My Five Absolute Favorite Books About Travel

Need some ideas for what to read to fuel that traveling fire again? Here are my five favorite books about travel – both fiction and non-fiction – the art and beauty and joy of traveling to get you all inspired again for when the world reopens. They’re perfect whether you’re yearning to travel just a few miles away or across the world. 

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The Pillars of Hercules by Paul Theroux

Every travel book Paul Theroux has written lights a fire under you to undertake some epic journey – across all of Russia by train, or other similarly arduous trips. But I really love this exploration of the Mediterranean as he journeys around the whole soft, secluded sea (it barely even has tides).

It’s a different look at the cultures that have sprung up and changed constantly around this very old sea. Plus, he wrote it in the middle of the war in Yugoslavia, so reading a description of wartime Split and recently opened Albania was fascinating while I was living here. Buy it on Amazon.

Travels with my Aunt by Graham Greene

Fun fact – I have seven nieces and nephews, and someday I dream of pulling them out of a gardening obsession into a swirl of exotic locales. That’s what happens in Graham Greene’s very funny and oddly touching novel, plus some light crimes and a lot of scandalous love affairs.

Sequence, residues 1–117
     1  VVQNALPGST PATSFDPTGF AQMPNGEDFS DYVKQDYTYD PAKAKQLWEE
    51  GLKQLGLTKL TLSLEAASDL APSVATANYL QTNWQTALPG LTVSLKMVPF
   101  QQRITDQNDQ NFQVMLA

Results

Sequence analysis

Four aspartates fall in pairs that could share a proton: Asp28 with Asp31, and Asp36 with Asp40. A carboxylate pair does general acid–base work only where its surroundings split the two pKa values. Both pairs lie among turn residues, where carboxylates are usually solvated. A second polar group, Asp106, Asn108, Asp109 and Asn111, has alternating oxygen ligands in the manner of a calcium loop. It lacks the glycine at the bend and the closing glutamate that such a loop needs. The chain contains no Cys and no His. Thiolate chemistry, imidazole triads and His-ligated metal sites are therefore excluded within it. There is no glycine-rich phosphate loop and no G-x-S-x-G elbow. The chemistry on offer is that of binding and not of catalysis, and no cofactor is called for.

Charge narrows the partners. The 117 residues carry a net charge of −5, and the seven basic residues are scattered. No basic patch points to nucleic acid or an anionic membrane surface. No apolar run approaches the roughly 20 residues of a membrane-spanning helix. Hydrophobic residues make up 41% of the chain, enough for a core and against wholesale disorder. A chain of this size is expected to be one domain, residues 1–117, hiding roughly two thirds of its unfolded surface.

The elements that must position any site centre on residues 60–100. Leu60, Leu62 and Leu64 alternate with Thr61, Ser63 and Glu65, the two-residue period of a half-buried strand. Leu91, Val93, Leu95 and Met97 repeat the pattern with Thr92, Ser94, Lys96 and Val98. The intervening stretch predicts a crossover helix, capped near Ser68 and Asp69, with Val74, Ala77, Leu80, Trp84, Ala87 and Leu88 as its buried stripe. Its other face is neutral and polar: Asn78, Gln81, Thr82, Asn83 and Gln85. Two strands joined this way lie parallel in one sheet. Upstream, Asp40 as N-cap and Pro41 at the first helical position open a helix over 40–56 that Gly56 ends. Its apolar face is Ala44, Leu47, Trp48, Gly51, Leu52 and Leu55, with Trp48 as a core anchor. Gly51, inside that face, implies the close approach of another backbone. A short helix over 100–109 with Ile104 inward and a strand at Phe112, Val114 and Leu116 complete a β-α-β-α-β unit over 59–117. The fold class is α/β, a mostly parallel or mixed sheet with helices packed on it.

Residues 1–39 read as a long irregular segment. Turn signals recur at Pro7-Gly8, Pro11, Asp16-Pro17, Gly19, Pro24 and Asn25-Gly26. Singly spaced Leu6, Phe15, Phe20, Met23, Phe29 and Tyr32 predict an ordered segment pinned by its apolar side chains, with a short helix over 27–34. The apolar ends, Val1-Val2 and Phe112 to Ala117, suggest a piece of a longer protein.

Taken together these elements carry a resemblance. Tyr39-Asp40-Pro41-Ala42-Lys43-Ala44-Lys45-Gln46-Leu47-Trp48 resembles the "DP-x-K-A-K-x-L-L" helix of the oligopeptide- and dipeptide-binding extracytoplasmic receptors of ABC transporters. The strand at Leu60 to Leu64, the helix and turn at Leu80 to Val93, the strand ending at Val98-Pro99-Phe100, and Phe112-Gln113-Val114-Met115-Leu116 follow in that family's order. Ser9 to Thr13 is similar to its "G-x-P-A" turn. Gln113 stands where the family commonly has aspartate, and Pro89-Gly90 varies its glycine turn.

He is one of my favorite writers of all time and was an obsessive traveler too (Journey Without Maps is also a really excellent travel memoir), but this one is light and still instructive. You’ll want to forgo a dull suburban retirement once you read it too. Buy it on Amazon.

The Lonely City by Olivia Laing

Not a typical travel memoir, as the author doesn’t stray outside of their hometown of New York City, but a beautiful travel read nonetheless. Laing ties the work of four innovative artists and their connection to urban life and modern loneliness in a sublimely beautiful way.

As a solo traveler, this book resonated deeply with me and gave me a new appreciation for my own company, especially as a woman. It’s one of those books that moved me so much I remember exactly where I read it (in bed, under the mid-summer light, in a converted barn on the Isle of Man full of kittens and spiders). Buy it on Amazon.

The Art of Travel by Alain de Botton

I love everything the philosopher Alain de Botton has written (high marks also for How Proust Can Change Your Life), but his guide to getting lost and found in travel is lovely. Don’t let his fancy titles fool you into thinking this is some dense, inaccessible philosophical work – he explores why we travel, what we get out of it, and how it changes us.

And he does it all in a way that seems so simple it’s easy to forget the depths of knowledge he accesses to get us there. It’s one of my favorite books about travel and finding yourself. It will make you look at your past travels, and your desire to travel, and your future travels, in a new and clearer light. Buy it on Amazon.

A Field Guide to Getting Lost by Rebecca Solnit

Another one of my favorite authors, Rebecca Solnit, makes the case for getting lost in the uncertain and the unknown as an antidote to freezing ourselves too much within what we think is our comfort zone.

A little loss of control is good for us humans, who like to cling to the illusion that we have any at all. And traveling, whether it’s to the other side of the world or just to the other side of town, is the perfect way to do that.

It will inspire you to lose yourself more, and find yourself too, as all the best books about travel and self-discovery do. Buy it on Amazon.


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